Album:- The Waiters Theory
Record Label:- Unsigned
Distributed By:- Soundcloud
Guest Appearances:- VeeDee, Butafly, Yana, AQ, Lord T.R, Fecko, Toni Code, Camerizi, MC Skill Tha Preacha, Phlow, Patogen & Blaq Bonez
Producers:- Eclipse, Sean ML Tha P, Wizdomination and Interpolated Beats
Release Date:- January 16th 2016
Underground rapper Gedes appeared on NS last year with a cover of Ice Prince’s single N-Word, an alliterative freestyle, showcasing his lyrical abilities and rhyming prowess over Mr Zamanis instrumental, and then he followed it up with Rap God, another Freestyle performed over the instrumental of the hit song of the same name released originally by American rapper Eminem. He followed the pattern and delivery on the original song with his rapid fire flow which caught my attention and placed him in my subconscious.By the time he released Apology Accepted Freestyle at the end of the year and announced his Mixtape The Waiters Theory, I had already become invested in his music was was eager to hear what he had to offer in a full body of work.
The 20-track Mixtape was released last month and comprised of freestyles and songs over a few original beats but primarily It’s a combination of original tracks, freestyles over other artists’ songs, and modified covers of others, assisted with a host of features by established rappers like AQ and Terry Tha Rapman as well as fellow up-comers like Phlow, Fecko, Toni Code, Patogen and MC Skill Tha Preacha. “Stick to the message, I preach verses with an open Bible” he raps on the first line of As I Walk, the first song on the tape, performed over the bass-line of the Kanye West produced Grammy winning song Jesus Walks which served as the intro and gave me an idea of the type of listening experience I was in for. The next track is the aforementioned Rap God on which he outlined his favourite MC’s some of which include Efa, Boogey, Five Mics, MC Skill Tha Preacha, Lord V, Phenom, AQ, Paragun Blao, MI, Ice Prince, Eva Alordiah, Cyrus Tha Virus, King Gaya, Overdose, he also name dropped his favourite pop acts P.Square, Blackface Timaya etc and also called Terry Tha Rapman his mentor. The mixtape continues to Let The Drummer Kick, a solemn song laced with biblical references and lines about the struggle and pain that comes with the journey to Hip-hop super-stardom spitting “I’m trying to let it out, give me a mic with a wire and a verse to lift up my worries high up into the Heavens / Above the Earth, I should be walking the streets of Gold, so if this verse be my last, let it be known that I tried / Even if you didn’t get to see the best of me, let it be known I waited long to see you long for this“. Alternative Igbo rapper VeeDee who came to prominence on the award nominated single G.O.D which he performed alongside Terry Tha Rapman makes the first guest appearance on Sumthin’ Nu ( performed over the instrumental of Like Toy Soldiers by Eminem ), another song which addresses the decadent state of the entertainment industry ( especially hip-hop ), the politics, smokescreens and lies, which are slowly eating into the fabric of the mindframe of the average Nigerian youth; I expected a whole lot more from Veedee going back his performance on G.O.D, But the hook was utterly poor, did not compliment Gedes verses and reduced the overall value of the songs final output. Immortal ( Waiters Theory ) is a title track of sorts whose theme revolved around that of the “Waiter” who is serving timeless hip-hop music and walking the path of immortality, It’s a befitting song that encapsulates his rap ideology and mission statement, which led on to the Eclipse-Produced, Butafly-featured Perfect Love Story, the chorus sampled It’s My Life by American rock band Bon Jovi and created a very solid musical backdrop for Gedes to bare his heart out to his love interest. It’s the first original song on the Mixtape and provides something for his female audience. He declares that The Human race has lost its humanity on the next song Black Metaphor and goes on to address racism, tribalism, nepotism, religious violence and other ugly characteristics of human existence. Wait For Me Featuring Yana is the next track which goes the motivational route, but the poor mixing and his sometimes inaudible muddled up lyrics on the song made it non-palatable to me. His Ice Prince cover N-Word is next and led on to the AQ featured For My Team which starts off with a brief intro on which he explains that he “raps to educate people” and goes on to trade bars with AQ who delivered possibly the hardest verse on the Mixtape quipped “The funny thing is I don’t really like rapping, I just like the look on rappers faces when I out rap them” which led me trying to guess the look on Gedes face while AQ delivered the verse. He gets a voicenote endorsement from his mentor Lord T.R on The Skit and recruits Toni Code, Fecko and Camerizi for the next song On The Bible which happens to be one of the better songs on the mixtape and the three unique verses on the song are sure to appeal to different spheres of hip-hop appreciation. On the next song Record Me he raps “too fly for this music, angels sign me” but once again it turned out to be another mixtape filler that failed to capture my attention. Apex Predator Featuring MC Skill Tha Preacha follows the disappointing route set by the song before it, the song is all over the place, underwhelming, poorly mixed and had a disorganized chorus. They Should Fear Us featuring Blaq Bonez comes next and makes if a hat-trick of poor music in a row as both rappers failed to make the song an appealing one and it was so badly mixed it should have been left on the cutting room floor. On the next song Nerd For Free I simply could not make sense of what he was saying ( an extremely rare occurrence ) despite listening to the song repeatedly. The mixtape continues to Under Pressure which featured budding Str8buttah femcee Phlow whose verse was the main attraction and continued to solidify her place as a rapper with potential. British singer Sam Smiths‘ hit song Stay With Me gets the mixtape treatment on the next song Write A Song a track on which he waxes philosophical and states that he wants to be a legend like Modenine and be remembered like Da Grin, It’s the first song in six on which I resonated with his performance. Conquer The World is another disappointment for me on and even though featured guest Patogen delivered a decent verse, the chorus was appalling,the mix was bad and the song ended up becoming a total letdown. The mixtape comes to a close on After Life a 5-minute song on which he raps for a little over a minute and ends it with a series of near inaudible sound bites by different people who support his movement, some of whom called him the best and the others wished him the same in his musical career.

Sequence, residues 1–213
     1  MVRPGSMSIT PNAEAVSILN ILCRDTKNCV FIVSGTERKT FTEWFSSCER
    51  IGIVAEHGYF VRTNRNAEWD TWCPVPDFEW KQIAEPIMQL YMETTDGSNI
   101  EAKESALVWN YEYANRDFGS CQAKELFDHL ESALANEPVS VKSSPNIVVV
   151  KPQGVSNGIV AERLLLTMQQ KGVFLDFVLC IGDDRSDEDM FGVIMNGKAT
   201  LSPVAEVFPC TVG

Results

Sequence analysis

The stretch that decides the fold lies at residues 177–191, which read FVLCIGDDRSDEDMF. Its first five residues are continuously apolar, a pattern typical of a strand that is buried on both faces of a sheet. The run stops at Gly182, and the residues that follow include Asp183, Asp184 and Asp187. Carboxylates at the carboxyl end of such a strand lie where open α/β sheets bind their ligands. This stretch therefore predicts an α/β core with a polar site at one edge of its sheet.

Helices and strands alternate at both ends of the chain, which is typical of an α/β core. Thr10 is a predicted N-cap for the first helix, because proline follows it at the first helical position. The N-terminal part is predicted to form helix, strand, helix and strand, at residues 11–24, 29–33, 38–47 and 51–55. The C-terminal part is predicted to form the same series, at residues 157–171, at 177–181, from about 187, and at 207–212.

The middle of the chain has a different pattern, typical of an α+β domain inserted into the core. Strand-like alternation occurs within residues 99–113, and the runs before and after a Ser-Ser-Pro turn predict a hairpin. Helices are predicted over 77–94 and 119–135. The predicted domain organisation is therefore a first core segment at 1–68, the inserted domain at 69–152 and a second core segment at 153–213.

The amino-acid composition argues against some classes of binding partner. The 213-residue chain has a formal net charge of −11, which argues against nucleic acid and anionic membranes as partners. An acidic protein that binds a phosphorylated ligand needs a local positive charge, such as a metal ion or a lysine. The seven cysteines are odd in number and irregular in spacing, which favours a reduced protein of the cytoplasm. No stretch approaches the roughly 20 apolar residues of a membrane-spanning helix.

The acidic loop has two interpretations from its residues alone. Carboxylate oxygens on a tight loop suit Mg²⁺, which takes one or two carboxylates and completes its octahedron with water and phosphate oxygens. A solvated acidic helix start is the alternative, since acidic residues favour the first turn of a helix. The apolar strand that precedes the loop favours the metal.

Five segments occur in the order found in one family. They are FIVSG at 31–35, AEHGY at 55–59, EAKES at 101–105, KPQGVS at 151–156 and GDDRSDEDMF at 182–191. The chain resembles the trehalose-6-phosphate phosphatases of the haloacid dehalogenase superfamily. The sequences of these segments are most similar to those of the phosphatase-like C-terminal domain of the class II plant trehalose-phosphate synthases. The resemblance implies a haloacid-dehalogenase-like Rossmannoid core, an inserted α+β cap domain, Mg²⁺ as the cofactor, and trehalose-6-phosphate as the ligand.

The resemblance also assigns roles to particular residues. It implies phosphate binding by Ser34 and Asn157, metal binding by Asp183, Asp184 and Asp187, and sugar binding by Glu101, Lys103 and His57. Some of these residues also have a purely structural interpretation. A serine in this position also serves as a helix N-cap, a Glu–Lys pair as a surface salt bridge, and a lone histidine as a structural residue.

Listening to and reviewing this mixtape was a tedious affair and saying that he made me a fan with this mixtape will be a big lie, Gedes simply failed to pass across his “theory” strongly and pungently, instead he left me with a bitter taste in my mouth and an unwillingness to listen to his music in the future. His Eminem impressions are a tad bit tiring, the mixing on the project was extremely poor, his cadence, delivery and music structuring needs work and ultimately the entire presentation lacked the basic essence of musical excellence. Out of 18 tracks, I can barely stomach 5, all of which had guest appearances on them,that’s a poor return anyway you look at it. You may listen to The Waiters Theory and like it more than I do, but as a longtime student of Nigerian Hip-hop who has reviewed over 100 Nigerian musical projects, I stand firmly by my conviction that Gedes needs to go back to the drawing board and work on delivering the type of rap music that can contend with most of his peers some of which he featured and also mentioned on this mixtape.
Best Verse:- AQ On For My Team
Standout Track:- NIL
Overall Rating:- 4/10